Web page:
Nooo!!! It is inevitable that the market volatility causes people to question the investments they hold and whether or not to sell them to “protect” their capital. I thought it would be helpful to step back and review what the “market” really is and what it is not. I believe the conclusion provides a clearer picture of what to do during significant market volatility.
Whenever volatility increases and we see markets decline, the emotional side of investing takes control. Our inherent fear of the unknown outcome can drive us to irrational decisions that have a far greater impact on our long term portfolio growth.
It is never easy to see your portfolio balance fall. We are driven to protect it in any way possible, because we seem to expect the worst which may be driven by the media and their attention on the worst case scenarios. It is important to look past the noise and think about what the underlying companies in your portfolio mean. The reality is that the stock market is nothing more than an auction trying to place a value on companies that are traded between investors. Well, for most of us, trading is not our goal of investing. The goal of investing in equities is to purchase companies that over the long term are going to grow and become more valuable as well as potentially pay us dividends as an owner of the company. When we look at the list of companies owned in a portfolio invested through mutual funds or ETFs, it is hard to imagine that the majority of the companies will not survive and thrive after the volatility fades. There may be some near term impacts in revenues or profits as a result of near term economic impacts, but once things stabilize, the revenues and profits will return and valuations will rebound giving growth to company values.
The typical process in markets is to be overvalued or undervalued. Nothing ever seems to hold course at a steady value because the value is derived from near term shifts in revenue and earnings. It is also impacted by the emotion of investors and their current sentiment. When sentiment is extremely negative, it has historically been a strong indicator that markets are bottoming and a turnaround will unfold. With the current market volatility, do not make the irrational decision to sell your investments due to the short term fears. The best approach is to maintain a diversified portfolio and stay the course in these turbulent times. In addition to being rewarded in the future for your steadfastness, you will continue to receive dividends from your investments which are extremely meaningful to the growth of you investments over time. If you are investing in a retirement plan, continue to make your contributions and take advantage of the lower prices to purchase into the investments.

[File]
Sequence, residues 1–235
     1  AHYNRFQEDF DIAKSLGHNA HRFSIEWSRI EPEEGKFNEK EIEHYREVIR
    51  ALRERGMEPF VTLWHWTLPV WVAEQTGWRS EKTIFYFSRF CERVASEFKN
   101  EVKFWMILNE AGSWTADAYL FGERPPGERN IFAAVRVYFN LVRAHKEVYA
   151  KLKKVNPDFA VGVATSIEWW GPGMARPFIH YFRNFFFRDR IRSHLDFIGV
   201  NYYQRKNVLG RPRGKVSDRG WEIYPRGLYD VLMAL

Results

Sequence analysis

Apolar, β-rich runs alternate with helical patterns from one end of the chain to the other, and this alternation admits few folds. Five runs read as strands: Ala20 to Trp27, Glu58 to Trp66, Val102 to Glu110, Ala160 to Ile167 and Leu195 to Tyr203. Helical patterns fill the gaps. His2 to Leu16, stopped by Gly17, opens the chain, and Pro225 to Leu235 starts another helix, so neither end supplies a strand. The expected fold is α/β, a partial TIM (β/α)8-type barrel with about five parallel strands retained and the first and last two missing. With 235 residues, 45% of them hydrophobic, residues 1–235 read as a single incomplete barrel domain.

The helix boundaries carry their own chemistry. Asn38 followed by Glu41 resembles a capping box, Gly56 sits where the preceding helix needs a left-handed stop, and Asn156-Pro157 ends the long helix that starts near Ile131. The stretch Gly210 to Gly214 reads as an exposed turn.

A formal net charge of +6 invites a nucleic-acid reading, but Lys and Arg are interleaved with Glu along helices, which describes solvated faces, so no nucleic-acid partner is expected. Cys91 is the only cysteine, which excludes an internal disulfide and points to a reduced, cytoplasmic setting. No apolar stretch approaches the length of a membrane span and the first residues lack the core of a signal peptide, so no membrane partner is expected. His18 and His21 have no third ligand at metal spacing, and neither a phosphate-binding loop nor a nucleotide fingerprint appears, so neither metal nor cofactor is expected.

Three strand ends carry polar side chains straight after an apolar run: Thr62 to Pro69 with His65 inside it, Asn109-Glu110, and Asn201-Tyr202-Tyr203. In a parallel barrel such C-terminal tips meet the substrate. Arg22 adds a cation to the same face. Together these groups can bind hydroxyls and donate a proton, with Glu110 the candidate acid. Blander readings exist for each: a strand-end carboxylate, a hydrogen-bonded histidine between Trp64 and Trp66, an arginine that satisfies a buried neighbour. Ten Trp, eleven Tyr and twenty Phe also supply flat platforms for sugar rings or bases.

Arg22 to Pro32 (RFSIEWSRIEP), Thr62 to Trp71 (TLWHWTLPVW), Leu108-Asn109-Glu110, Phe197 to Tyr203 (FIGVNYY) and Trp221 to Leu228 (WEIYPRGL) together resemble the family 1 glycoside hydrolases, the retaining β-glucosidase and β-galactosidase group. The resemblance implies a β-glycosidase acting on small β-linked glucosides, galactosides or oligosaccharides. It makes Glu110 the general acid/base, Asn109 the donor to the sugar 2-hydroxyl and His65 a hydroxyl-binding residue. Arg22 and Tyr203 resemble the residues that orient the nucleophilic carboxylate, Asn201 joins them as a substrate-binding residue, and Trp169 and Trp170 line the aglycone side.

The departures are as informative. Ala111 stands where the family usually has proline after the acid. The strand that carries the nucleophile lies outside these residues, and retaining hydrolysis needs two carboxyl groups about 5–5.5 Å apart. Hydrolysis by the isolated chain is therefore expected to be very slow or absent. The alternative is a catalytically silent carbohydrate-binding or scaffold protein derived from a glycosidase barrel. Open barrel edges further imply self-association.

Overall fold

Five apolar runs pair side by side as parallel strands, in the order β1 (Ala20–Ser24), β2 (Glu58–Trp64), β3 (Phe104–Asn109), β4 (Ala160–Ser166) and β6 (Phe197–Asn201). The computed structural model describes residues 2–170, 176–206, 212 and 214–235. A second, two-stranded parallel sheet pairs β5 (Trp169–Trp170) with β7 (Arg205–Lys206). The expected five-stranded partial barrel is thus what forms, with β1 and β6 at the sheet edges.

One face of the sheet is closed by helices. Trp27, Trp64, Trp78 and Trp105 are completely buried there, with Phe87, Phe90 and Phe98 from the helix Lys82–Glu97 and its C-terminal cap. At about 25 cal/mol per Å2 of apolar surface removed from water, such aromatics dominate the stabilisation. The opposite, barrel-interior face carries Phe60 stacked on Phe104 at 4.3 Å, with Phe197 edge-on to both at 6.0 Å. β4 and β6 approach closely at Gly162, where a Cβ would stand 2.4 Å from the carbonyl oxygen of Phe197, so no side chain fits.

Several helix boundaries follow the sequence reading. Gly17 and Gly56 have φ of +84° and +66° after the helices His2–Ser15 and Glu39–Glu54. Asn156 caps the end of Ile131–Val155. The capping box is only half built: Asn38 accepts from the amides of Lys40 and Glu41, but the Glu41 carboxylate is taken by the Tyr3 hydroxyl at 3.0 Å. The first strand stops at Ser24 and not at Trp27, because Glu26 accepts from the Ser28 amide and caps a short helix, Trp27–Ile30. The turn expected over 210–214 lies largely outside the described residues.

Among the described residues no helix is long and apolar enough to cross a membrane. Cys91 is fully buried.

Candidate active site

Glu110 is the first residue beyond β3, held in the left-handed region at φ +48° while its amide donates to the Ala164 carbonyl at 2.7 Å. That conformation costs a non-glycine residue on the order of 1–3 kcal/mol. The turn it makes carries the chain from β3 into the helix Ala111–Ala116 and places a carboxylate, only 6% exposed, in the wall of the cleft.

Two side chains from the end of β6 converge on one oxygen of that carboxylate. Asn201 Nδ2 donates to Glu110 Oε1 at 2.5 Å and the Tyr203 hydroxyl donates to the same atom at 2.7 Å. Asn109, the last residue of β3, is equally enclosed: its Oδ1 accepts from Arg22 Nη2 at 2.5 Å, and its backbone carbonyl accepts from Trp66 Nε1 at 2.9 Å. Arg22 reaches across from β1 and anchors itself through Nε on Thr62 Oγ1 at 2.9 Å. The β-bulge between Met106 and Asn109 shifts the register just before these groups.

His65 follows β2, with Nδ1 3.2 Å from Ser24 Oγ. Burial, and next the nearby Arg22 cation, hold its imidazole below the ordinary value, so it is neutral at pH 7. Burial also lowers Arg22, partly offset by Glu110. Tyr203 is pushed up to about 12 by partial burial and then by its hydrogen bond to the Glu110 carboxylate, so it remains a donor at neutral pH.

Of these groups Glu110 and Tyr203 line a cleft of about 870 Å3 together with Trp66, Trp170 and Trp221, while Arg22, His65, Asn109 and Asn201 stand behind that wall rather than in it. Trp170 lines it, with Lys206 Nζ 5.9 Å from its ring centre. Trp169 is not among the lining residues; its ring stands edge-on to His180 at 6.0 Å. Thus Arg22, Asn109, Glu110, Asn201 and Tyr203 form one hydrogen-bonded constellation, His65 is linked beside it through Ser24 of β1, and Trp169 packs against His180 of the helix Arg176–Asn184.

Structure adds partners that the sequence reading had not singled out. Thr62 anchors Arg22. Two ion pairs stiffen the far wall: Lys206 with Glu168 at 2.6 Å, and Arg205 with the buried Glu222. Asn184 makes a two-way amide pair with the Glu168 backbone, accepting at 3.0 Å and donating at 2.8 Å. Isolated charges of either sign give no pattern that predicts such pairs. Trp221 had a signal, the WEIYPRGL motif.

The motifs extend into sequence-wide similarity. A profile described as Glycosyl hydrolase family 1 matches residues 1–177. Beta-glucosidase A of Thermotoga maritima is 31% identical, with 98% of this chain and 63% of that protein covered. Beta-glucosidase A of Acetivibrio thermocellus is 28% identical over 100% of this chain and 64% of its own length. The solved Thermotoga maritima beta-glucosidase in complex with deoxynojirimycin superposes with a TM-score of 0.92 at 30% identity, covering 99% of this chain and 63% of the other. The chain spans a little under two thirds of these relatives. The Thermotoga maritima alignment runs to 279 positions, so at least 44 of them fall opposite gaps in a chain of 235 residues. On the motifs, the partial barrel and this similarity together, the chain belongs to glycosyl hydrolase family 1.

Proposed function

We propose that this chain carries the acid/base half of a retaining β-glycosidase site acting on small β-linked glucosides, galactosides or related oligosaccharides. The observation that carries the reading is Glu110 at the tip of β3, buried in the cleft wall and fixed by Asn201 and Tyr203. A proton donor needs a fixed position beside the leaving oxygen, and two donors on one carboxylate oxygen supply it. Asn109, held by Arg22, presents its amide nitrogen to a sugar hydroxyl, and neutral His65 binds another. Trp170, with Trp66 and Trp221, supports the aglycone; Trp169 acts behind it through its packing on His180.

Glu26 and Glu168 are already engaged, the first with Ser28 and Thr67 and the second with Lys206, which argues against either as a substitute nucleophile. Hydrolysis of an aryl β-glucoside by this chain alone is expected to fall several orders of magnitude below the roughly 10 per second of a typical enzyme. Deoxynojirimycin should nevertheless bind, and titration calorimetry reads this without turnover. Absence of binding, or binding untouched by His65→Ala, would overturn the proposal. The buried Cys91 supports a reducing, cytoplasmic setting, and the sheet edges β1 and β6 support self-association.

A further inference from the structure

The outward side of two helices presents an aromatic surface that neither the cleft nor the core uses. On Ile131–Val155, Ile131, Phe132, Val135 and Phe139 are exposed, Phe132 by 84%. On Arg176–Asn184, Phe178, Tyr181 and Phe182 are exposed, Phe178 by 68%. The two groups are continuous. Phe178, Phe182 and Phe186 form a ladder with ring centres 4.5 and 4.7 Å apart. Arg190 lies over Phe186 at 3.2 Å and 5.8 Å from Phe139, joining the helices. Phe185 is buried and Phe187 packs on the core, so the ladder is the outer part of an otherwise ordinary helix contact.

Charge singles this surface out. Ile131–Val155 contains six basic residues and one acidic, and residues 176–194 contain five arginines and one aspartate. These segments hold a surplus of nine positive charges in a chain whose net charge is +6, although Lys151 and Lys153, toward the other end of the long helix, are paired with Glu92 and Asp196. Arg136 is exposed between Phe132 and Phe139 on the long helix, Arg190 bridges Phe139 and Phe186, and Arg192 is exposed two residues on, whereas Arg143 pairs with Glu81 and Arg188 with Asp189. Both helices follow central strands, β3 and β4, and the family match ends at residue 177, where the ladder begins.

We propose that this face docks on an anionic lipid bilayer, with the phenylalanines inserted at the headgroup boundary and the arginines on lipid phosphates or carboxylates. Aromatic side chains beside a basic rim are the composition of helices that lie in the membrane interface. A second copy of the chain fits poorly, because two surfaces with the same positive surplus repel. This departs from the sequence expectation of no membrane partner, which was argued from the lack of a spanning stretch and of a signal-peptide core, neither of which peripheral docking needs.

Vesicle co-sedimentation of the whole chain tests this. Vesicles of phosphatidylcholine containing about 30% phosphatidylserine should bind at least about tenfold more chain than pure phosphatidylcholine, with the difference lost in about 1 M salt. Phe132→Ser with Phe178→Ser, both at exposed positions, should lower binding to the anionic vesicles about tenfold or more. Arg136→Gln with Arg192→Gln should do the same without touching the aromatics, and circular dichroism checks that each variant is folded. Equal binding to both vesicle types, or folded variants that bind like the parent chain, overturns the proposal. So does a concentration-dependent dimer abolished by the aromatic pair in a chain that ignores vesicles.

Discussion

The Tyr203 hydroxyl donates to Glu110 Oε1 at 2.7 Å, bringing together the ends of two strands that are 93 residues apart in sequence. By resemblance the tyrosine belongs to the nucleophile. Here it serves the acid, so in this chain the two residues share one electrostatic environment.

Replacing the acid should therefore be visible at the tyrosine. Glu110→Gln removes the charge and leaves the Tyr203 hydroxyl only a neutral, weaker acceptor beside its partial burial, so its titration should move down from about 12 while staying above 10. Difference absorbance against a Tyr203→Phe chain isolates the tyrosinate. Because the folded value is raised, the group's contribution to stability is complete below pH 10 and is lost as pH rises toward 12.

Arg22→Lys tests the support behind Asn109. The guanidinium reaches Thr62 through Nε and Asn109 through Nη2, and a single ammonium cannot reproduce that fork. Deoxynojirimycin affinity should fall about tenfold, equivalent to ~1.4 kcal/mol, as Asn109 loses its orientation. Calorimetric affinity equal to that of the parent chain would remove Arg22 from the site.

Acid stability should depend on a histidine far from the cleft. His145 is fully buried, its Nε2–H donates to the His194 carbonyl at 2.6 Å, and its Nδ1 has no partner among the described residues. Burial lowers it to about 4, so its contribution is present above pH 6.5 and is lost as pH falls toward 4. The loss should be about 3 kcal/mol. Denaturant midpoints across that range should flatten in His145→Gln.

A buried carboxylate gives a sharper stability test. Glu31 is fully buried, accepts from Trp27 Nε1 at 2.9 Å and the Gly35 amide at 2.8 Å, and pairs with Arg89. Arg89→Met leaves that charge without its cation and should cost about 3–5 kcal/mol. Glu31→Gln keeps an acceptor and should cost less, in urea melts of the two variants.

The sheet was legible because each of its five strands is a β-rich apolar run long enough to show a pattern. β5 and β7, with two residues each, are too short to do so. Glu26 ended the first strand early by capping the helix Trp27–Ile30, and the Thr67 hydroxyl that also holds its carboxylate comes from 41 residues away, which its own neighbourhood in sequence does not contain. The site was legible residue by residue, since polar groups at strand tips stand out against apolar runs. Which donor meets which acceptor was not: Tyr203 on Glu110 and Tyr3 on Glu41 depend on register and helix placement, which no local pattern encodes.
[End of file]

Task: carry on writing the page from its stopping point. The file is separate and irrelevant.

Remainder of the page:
Here is an interview with Jack Bogle the founder of the Vanguard Group on CNBC sharing his perspective to ‘Stay the course’ during market volatility.
Also, take a look at this slide from JP Morgan’s Guide to the Market that shows over the past 6 years we have seen other corrections with subsequent recoveries.